Friday, April 27, 2012

Population Trends Make History by Cammy Dennis

Recent statistics from the U.S. Census Bureau (USCB) and the United Nations Population Division (UNPD) demonstrate that never before in history has our global population contained so many older adults. The latest U.S. census shows that the number of older adults is increasing faster than younger populations. And according to the UNPD, one in five people are expected to be 65 years or older by the year 2035! This population shift is primarily due to a drop in birth rates and an increase in life expectancy.

As we contemplate these historical population shifts, it is also important to think about society's perceptions on aging. As our demographics change, so should our perceptions bearing in mind that chronological age (how old we are) does not correlate with biological age (our state of health). We should be cautious not to judge ourselves or others based on chronological age.

With that in mind, never before has there been a better time to embrace aging "actively." We have more years in our lives so now we need to ensure that we have more "life" in those years. The physical science is very clear; aging actively has a profound influence on function, independence and quality of life.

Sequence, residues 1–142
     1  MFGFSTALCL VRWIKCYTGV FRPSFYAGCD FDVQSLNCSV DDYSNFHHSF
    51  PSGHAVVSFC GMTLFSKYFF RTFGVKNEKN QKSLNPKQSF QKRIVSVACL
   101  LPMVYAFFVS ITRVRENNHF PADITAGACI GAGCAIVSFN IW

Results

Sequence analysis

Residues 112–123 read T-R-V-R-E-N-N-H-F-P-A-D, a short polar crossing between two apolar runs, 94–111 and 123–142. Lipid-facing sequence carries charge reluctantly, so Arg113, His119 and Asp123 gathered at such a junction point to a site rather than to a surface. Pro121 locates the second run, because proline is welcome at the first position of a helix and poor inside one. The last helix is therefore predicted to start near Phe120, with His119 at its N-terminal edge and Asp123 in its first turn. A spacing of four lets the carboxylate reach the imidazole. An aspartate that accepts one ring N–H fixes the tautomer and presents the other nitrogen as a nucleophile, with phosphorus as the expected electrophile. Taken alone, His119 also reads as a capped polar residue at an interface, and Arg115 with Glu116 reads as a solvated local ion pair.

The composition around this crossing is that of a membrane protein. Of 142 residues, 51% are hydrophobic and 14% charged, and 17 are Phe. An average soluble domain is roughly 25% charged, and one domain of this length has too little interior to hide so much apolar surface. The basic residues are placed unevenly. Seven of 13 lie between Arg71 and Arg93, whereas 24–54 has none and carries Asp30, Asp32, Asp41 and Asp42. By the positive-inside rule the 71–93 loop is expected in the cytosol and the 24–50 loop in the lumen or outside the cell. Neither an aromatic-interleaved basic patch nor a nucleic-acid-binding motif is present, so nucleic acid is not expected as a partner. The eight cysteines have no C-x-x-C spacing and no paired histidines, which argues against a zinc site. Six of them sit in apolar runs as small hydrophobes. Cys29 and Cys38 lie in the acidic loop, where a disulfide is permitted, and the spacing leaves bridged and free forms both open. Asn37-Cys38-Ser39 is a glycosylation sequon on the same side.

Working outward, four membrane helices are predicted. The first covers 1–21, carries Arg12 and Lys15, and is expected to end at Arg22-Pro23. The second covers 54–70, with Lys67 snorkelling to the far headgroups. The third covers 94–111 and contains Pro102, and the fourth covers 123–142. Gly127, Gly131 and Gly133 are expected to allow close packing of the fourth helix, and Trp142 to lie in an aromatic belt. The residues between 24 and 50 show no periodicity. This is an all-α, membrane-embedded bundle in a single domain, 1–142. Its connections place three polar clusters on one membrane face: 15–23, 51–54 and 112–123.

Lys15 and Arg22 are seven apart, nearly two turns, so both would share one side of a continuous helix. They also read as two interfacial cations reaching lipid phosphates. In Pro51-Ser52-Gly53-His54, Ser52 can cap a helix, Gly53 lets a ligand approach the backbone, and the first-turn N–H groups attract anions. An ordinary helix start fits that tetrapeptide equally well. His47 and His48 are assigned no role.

Age alone does not define someone or dictate their capabilities. I have a very fond memory that vividly demonstrates this point. Two years ago when I was 47, I was fighting to finish the third leg of a sprint triathlon, which was a 5K run (3.2 miles). The run comes after swimming a 1/4 mile and cycling 12 miles. I was coming up on a woman who was ahead of me and it took all I had to pass her. As I passed her, I noticed her age which in a triathlon, your age is marked on the back of your lower leg with a permanent marker. She was 68. She swam and cycled faster than I did! It was a moment of inspiration that I will never forget...and I think of her often even to this day.

Our society places such a high value on youth and physical beauty that it seems to automatically attach a negative stereotype to aging. The assumption becomes if young is good, then old must be bad.

In my capacity as Fitness Director of On Top of the World Communities, I am convinced and continually inspired by the residents of this community. Everyday I bear witness to an average of over 200 people who flock to the fitness center and fitness classes. The community also boasts walkers, runners, cyclers, tennis players, golfers and the list goes on and on.

I am especially impressed with the commitment On Top of the World residents have to overall wellness with their participation in lifelong learning at Master the Possibilities Education Center, social activities and dedication to clubs and volunteerism. This community is indeed a community that embraces the many dimensions of wellness, supporting and reshaping a healthy perspective on aging.

Cammy Dennis the the Fitness Director for On Top of the World Communities and The Ranch Fitness Center & Spa.

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